Right > left

Tyler Cowen:

Sometimes political revolutions occur right before our eyes without us quite realizing it. I think that’s what’s been happening over the last few weeks around the world, and the message is clear: The populist “New Right” isn’t going away anytime soon, and the rise of the “New Left” is exaggerated.

Start with Australia, where Prime Minister Scott Morrison won a surprising victory last week. Before the election, polls had almost uniformly indicated that his Liberal-National Coalition would have to step down, but voters were of another mind. With their support of Morrison, an evangelical Christian who has expressed support for President Donald Trump, Australians also showed a relative lack of interest in doing more about climate change. And this result is no fluke of low turnout: Due to compulsory voting, most Australians do turn out for elections.

The Liberal Party is the conservative party in Australia, by the way. (I know that because I wrote a term paper about the 1975 Australian constitutional crisis for a UW–Madison class.) Maybe now that they’re back in office the Liberals can discover gun ownership rights for the Aussies.

Or how about the U.K.? The evidence is mounting that the Brexit Party will do very well in this week’s European Parliament elections. Right now that party, which did not exist until recently, is in the lead in national polls with an estimated 34% support. The Tories, the current ruling party, are at only 12%. So the hard Brexit option does not seem to be going away, and the right wing of British politics seems to be moving away from the center.

As for the European Parliament as a whole, by some estimates after this week’s election 35% of the chamber will be filled by anti-establishment parties, albeit of a diverse nature. You have to wonder at what margins the EU will become unworkable or lose legitimacy altogether.

Meanwhile in the U.S., polls show Joe Biden as the presumptive front-runner for the Democratic presidential nomination. He is one of the party’s more conservative candidates, and maybe some primary voters value his electability and familiarity over the more left-wing ideas of Bernie Sanders and Elizabeth Warren. That’s one sign the “hard left” is not in ascendancy in the U.S. Biden’s strategy of running against Trump is another. It’s hard to say how effective that will prove, but it is likely to result in an election about the ideas and policies of Trump, not those of Democratic intellectuals.

Meanwhile, the U.S. economy has remained strong, and Trump’s chances of re-election have been rising in the prediction markets.

One scarcely noticed factor in all of this has been the rising perception of China as a threat to Western interests. The American public is very aware that the U.S. is now in a trade war with China, a conflict that is likely to provoke an increase in nationalism. That is a sentiment that has not historically been very helpful to left-wing movements. China has been one of Trump’s signature causes for years, and he seems to be delighting in having it on center stage.

The Democratic Party is not well-positioned to make China a core issue. Democrats have been criticizing Trump’s tariffs for a while now, and it may be hard for them to adjust their message from “Tariffs Are Bad” to “Tariffs Are Bad But China Tariffs Are OK.” Their lukewarm support for free trade agreements — especially the Trans Pacific Partnership, which could have served as a kind of alternative China trade policy — also complicates matters. The net result is that Republicans will probably be able to use the China issue to their advantage for years to come.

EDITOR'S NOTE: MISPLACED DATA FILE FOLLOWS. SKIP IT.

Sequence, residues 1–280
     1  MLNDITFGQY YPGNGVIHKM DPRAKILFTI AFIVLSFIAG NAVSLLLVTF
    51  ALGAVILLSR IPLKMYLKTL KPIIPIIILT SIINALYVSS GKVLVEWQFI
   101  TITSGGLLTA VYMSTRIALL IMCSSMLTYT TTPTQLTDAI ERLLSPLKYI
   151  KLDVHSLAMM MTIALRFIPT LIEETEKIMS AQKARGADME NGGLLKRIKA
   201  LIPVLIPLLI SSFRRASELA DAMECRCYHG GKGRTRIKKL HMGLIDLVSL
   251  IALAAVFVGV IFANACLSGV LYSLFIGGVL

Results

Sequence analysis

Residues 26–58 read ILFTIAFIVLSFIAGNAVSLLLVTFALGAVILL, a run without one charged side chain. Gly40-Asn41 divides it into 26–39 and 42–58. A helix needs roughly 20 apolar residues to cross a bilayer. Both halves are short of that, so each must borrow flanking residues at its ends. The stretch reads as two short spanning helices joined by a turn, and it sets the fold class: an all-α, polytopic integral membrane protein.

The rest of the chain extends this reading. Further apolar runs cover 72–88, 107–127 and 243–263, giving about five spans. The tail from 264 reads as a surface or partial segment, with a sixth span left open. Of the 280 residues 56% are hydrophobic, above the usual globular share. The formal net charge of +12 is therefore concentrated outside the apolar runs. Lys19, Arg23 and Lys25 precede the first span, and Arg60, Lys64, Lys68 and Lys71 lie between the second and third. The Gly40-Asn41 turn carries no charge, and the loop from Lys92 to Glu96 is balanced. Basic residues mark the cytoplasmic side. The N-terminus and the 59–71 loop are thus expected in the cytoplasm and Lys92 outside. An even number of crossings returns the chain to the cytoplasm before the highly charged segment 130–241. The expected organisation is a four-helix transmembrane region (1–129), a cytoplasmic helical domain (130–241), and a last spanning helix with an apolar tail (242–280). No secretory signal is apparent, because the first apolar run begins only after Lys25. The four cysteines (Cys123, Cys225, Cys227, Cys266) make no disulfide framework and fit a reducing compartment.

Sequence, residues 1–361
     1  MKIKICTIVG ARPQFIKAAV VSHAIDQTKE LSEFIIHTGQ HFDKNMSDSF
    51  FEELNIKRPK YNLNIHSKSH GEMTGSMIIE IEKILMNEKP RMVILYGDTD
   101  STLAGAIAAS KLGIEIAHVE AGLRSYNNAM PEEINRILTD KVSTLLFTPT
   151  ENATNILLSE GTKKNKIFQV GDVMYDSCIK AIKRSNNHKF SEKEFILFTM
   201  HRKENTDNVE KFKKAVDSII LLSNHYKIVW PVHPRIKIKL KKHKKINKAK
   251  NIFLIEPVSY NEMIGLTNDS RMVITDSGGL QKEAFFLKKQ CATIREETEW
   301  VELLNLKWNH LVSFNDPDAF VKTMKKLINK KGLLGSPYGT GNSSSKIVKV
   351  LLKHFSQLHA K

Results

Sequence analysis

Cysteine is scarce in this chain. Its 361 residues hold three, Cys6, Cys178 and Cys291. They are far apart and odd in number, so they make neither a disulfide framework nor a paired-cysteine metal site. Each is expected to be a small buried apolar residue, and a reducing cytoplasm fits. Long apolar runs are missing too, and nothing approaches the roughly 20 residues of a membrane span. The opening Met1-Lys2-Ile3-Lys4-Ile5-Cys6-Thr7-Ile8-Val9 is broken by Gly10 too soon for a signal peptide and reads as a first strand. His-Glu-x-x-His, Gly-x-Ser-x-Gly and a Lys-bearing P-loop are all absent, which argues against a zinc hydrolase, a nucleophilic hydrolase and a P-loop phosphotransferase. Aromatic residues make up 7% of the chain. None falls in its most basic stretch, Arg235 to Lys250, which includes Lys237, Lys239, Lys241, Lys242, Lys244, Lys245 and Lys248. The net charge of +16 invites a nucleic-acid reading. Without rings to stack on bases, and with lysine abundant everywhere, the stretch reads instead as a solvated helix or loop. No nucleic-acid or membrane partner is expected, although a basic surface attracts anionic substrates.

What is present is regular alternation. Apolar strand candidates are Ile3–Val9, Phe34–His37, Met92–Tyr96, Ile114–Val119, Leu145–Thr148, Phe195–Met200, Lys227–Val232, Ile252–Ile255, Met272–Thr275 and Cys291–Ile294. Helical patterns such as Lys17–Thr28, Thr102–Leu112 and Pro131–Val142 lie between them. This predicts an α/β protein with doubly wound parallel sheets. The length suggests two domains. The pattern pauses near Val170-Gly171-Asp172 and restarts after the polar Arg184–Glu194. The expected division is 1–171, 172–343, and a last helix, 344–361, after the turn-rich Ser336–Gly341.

Elsewhere, the world’s largest democracy just wrapped up a lengthy election. The results in India aren’t yet known, but exit polls show that Prime Minister Narendra Modi’s ruling coalition — and his philosophy of Hindu nationalism — will continue to be a major influence.

Modi’s party won big.

In all of this ferment, I am myself rooting for a resurgence of centrist cosmopolitanism. But I try to be honest about how my ideas are doing in the world. And in the last few weeks, I’ve seen a lot of evidence that a new political era truly is upon us.

Well, in all of this ferment I am myself rooting for a resurgence — or maybe “surgence,” if that’s a word (like “disgruntled” not being the antonym of “gruntled”) — of political parties based on individual rights, liberty and free markets, like the pre-Trump Republican Party, and smaller government.. Readers know Trump has been as he should be in many areas (i.e. the tax cut), but tariffs are not a feature of free markets.

Worldwide electoral success isn’t the only place where the right is succeeding over the left, as Ron Ross claims:

You may have noticed that conservatives are blessed with an impressive lineup of intellectual heavyweights. Liberals have none, literally none. A few of those on the conservative side are Thomas Sowell, Victor Davis Hanson, Dennis Prager, Shelby Steele, Jordon Peterson, and Mark Levin.

Thomas Sowell is an economist, ex-Marine, Hoover Institution scholar, and the author of over 30 books. If you’ve never read one you don’t know what you’re missing. Two of his classics are Knowledge and Decisions and The Vision of the Anointed: Self-Congratulation as a Basis for Social Policy. He is well known for his many pearls of wisdom which he terms, “random thoughts on the passing scene.” Those now can be found on Twitter.

Jordan Peterson is a professor of psychology at the University of Toronto and Hillsdale College. He is best known for his book 12 Rules for Life: An Antidote to Chaos. Several million copies have been sold. It was even a number-one bestseller in Sweden. If you read that book you will understand life better, and if you follow the rules you will be a better person. The book is nothing short of a masterpiece.

Jordan Peterson is possibly the wisest man alive. Fortunately for the rest of us he shares his wisdom through his books, interviews, podcasts, and seminars. Peterson is despised by the left. That says much more about them than him.